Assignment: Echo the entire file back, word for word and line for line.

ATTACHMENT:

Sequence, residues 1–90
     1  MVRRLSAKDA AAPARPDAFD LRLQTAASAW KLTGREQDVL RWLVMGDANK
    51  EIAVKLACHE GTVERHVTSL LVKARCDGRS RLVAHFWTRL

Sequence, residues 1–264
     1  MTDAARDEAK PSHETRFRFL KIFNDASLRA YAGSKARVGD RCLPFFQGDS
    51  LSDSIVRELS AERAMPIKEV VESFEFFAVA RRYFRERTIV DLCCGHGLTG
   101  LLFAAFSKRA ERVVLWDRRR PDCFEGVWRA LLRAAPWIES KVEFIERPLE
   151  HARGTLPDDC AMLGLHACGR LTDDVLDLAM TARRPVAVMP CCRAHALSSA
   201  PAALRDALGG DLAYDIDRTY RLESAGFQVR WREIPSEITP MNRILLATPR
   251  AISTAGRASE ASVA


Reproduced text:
Sequence, residues 1–90
     1  MVRRLSAKDA AAPARPDAFD LRLQTAASAW KLTGREQDVL RWLVMGDANK
    51  EIAVKLACHE GTVERHVTSL LVKARCDGRS RLVAHFWTRL

Sequence, residues 1–264
     1  MTDAARDEAK PSHETRFRFL KIFNDASLRA YAGSKARVGD RCLPFFQGDS
    51  LSDSIVRELS AERAMPIKEV VESFEFFAVA RRYFRERTIV DLCCGHGLTG
   101  LLFAAFSKRA ERVVLWDRRR PDCFEGVWRA LLRAAPWIES KVEFIERPLE
   151  HARGTLPDDC AMLGLHACGR LTDDVLDLAM TARRPVAVMP CCRAHALSSA
   201  PAALRDALGG DLAYDIDRTY RLESAGFQVR WREIPSEITP MNRILLATPR
   251  AISTAGRASE ASVA